The recent elimination of the ceiling for deposit rates coupled with the earlier freeing up of lending rates fulfill central bank Governor Zhou Xioachuan's pledge to reform China's interest rate regime. When financial liberalization began in earnest several years ago, the prevailing view was that the country's interest rates were too low because of what experts call "financial repression," which refers to setting limits to keep borrowing costs low for investors at the expense of households receiving lower rates for their savings. Excessively low interest rates were seen by many China watchers as the reason for the country's unbalanced growth as indicated by its high share of investment-to-GDP ratio and commensurate low share of consumption. It was also seen as the reason for speculation in the housing and equity markets. The belief, therefore, was that liberalizing interest rates would lead to higher rates and a more balanced growth.
What has happened over the past several years suggests that this argument was flawed. Interest rates have in fact fallen rather than increased with financial liberalization, and the economy has nevertheless become more balanced, with the share of consumption to GDP rising. Interest rates in 2013 were too high rather than too low. Lending rates for mortgages and loans to major companies were about 2 to 3 percentage points higher than in the major financial markets in the United States, Europe and Asia, and have since fallen by a point or more. One-year savings deposit rates a few years ago were around 3.3 percent when comparable rates elsewhere were only around 0.2 to 0.5 percent. After lifting the ceilings, deposit rates today have fallen to around 2 percent or less in China.
In a globalized world, interest rates in major financial markets tend to converge as capital moves across borders in search of higher yields, but variations exist because of differing expectations for exchange rate and inflation prospects, capital controls, and political and economic risks. A few years ago, China's inflation rate was not much different from other major economies and trending downward; its overall financial position was better than most countries; and the yuan was expected to appreciate. All this should have made everyone realize that China's nominal interest rates were probably too high rather than too low and likely to decline over time, especially since it was in the midst of a slowdown.
But if China's interest rates were actually too high, why were most market watchers convinced that they were too low? Some analysts pointed to periodic surges in interbank lending rates and said Alibaba was paying its Internet deposit customers more than commercial banks. This paradox is explained by differentiating between the pressures on interest rate movements that come from distorted financial markets and what would happen with sound governance structures and liberalizing capital markets.
Those arguing for higher lending rates because of perceived wasteful investments associated with state-owned enterprises (SOEs) overestimate the efficiency benefits since interest rates play less of a role in shaping long-term investment decisions in China. The bulk of the waste comes from SOEs making profits from monopolies, not transferring their surplus to the state and responding to politically driven mandates. Addressing these distortions, along with revamping the governance and regulatory system for financial institutions are far more effective instruments for improving efficiency than simply increasing interest rates. Moreover, higher rates would have some undesirable consequences. They would worsen already serious debt servicing problems of firms and many local governments, and could even unnecessarily jeopardize the solvency of what would otherwise be viable firms in a period of price deflation.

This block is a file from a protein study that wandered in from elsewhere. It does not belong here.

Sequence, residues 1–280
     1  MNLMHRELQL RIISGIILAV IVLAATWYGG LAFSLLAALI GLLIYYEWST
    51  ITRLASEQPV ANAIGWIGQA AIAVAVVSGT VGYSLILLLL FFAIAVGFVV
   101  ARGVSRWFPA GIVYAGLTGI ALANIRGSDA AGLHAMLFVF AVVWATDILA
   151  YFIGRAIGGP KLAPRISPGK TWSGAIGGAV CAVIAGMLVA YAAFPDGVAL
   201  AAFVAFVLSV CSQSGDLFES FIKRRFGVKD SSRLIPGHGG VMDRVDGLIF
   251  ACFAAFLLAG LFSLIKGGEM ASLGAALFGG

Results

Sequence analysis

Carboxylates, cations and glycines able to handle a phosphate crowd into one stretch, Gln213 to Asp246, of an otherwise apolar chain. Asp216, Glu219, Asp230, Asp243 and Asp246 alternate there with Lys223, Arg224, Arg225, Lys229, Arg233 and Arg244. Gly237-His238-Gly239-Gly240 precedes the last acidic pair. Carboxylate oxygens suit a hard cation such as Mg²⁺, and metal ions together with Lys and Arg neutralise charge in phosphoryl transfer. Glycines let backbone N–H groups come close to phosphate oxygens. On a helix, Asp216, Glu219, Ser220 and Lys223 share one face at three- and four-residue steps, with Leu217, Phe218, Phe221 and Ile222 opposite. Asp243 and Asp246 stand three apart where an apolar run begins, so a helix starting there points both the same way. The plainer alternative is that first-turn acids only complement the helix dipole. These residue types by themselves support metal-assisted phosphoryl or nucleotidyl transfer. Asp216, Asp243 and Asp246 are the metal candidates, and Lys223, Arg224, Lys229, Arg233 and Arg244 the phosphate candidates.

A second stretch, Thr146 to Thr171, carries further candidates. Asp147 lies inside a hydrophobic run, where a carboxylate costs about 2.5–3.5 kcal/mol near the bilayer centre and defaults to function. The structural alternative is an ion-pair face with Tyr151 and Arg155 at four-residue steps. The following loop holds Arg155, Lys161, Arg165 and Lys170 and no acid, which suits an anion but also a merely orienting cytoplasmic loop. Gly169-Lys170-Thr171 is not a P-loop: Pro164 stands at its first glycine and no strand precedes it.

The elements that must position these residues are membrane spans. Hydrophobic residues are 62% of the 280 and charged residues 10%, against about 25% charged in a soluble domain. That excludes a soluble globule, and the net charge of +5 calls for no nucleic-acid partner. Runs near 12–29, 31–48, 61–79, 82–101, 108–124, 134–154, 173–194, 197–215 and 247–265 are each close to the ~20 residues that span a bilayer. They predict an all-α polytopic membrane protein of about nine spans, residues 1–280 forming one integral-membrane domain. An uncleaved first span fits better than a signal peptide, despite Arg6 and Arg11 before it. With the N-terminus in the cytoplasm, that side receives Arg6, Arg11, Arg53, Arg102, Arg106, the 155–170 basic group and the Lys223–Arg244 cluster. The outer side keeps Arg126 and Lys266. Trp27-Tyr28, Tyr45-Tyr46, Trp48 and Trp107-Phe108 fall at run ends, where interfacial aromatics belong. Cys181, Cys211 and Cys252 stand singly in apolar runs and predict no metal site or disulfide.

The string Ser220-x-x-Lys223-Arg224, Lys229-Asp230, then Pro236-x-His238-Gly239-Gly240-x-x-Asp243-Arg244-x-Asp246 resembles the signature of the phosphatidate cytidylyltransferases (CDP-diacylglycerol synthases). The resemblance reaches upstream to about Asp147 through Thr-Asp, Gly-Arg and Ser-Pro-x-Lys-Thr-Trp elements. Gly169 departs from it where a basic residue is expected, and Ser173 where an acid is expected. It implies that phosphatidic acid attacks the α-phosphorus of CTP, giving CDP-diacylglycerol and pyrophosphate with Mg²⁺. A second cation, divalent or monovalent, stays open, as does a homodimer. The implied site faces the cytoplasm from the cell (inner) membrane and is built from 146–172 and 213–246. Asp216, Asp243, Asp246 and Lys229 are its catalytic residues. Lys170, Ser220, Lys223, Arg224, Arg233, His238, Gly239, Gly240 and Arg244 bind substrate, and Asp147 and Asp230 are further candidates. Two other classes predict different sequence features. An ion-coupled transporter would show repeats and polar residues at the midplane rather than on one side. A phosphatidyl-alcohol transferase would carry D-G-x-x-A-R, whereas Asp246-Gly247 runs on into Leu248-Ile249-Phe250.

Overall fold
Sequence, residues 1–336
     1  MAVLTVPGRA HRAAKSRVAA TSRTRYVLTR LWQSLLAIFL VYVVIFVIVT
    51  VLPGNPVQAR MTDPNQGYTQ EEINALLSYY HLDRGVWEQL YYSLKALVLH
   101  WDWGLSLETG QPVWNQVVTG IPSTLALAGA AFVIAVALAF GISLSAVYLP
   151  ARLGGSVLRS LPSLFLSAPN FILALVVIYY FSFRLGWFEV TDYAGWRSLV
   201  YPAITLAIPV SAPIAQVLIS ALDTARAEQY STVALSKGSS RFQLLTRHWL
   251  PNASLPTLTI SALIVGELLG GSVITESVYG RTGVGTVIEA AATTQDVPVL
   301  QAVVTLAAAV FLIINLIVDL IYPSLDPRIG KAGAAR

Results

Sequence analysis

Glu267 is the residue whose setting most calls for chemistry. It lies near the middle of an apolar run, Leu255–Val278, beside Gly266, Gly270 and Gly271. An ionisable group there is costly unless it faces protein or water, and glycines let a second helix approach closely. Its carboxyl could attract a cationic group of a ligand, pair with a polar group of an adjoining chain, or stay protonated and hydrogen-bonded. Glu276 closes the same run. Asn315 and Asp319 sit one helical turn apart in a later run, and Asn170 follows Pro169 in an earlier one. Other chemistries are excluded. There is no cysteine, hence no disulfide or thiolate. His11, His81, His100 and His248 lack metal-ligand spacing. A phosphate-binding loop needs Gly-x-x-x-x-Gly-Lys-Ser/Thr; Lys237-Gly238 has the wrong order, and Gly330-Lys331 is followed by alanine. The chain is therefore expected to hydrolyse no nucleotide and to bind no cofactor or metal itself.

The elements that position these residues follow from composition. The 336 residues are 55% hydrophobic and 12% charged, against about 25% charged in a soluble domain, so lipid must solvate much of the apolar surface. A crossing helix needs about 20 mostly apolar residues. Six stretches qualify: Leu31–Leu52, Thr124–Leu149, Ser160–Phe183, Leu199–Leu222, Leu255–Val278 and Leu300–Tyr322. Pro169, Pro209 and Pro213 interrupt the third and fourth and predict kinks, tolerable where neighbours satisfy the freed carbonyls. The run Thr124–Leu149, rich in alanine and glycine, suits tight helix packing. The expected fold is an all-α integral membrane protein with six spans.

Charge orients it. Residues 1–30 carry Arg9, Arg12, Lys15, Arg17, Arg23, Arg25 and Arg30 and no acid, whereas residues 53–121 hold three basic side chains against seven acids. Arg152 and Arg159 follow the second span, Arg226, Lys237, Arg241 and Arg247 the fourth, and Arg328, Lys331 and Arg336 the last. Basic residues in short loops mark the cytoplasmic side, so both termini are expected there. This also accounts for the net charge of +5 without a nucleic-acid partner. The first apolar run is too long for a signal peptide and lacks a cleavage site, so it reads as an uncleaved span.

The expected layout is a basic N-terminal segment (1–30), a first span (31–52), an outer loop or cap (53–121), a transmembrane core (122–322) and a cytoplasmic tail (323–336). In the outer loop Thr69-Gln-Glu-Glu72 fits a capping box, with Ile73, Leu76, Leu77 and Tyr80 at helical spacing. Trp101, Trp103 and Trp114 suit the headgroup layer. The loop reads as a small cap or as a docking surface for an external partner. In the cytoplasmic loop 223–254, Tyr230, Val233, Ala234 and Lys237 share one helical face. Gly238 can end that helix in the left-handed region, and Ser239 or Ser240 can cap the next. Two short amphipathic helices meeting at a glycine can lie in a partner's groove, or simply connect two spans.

The easing of capital controls and monetary policies have led to some narrowing of differences in rates between China and the rest of the world over the past several years. The still significant differences have encouraged foreign investors to seek higher returns for their savings in the country. The more creditworthy Chinese firms are borrowing abroad at lower rates than available domestically. Companies are using their overseas affiliates to gain access to cheaper funds abroad, while households and companies in neighboring countries are finding ways to park their yuan holdings in higher paying accounts linked with China's rates. All this has been putting pressure on interest rates to head to levels closer to other major global markets. This has been facilitated by a gradual easing of credit policies given the protracted economic slowdown.
China is unusual in that its ratio of investment to GDP is exceptionally high, but its savings ratio is even higher. Accountants tell us that the surplus in savings will show up as a trade surplus, which is then invested abroad by the central bank. According to the most basic economic principles, the equilibrium interest rate is the rate that equalizes savings with investment. In the absence of institutional reforms, interest rates would have to fall further to generate a decline in savings or an increase in investment until this balance is achieved.
Based either on cross-country comparisons of interest rates or concepts of long-term equilibrium interest rates, China's deposit rates were too high rather than too low a few years ago. The recent decline thus makes sense. All this puts an even greater burden on strengthening governance and regulatory systems as the prerequisites for financial reforms that include freeing up capital controls and allowing rates to move in line with market forces.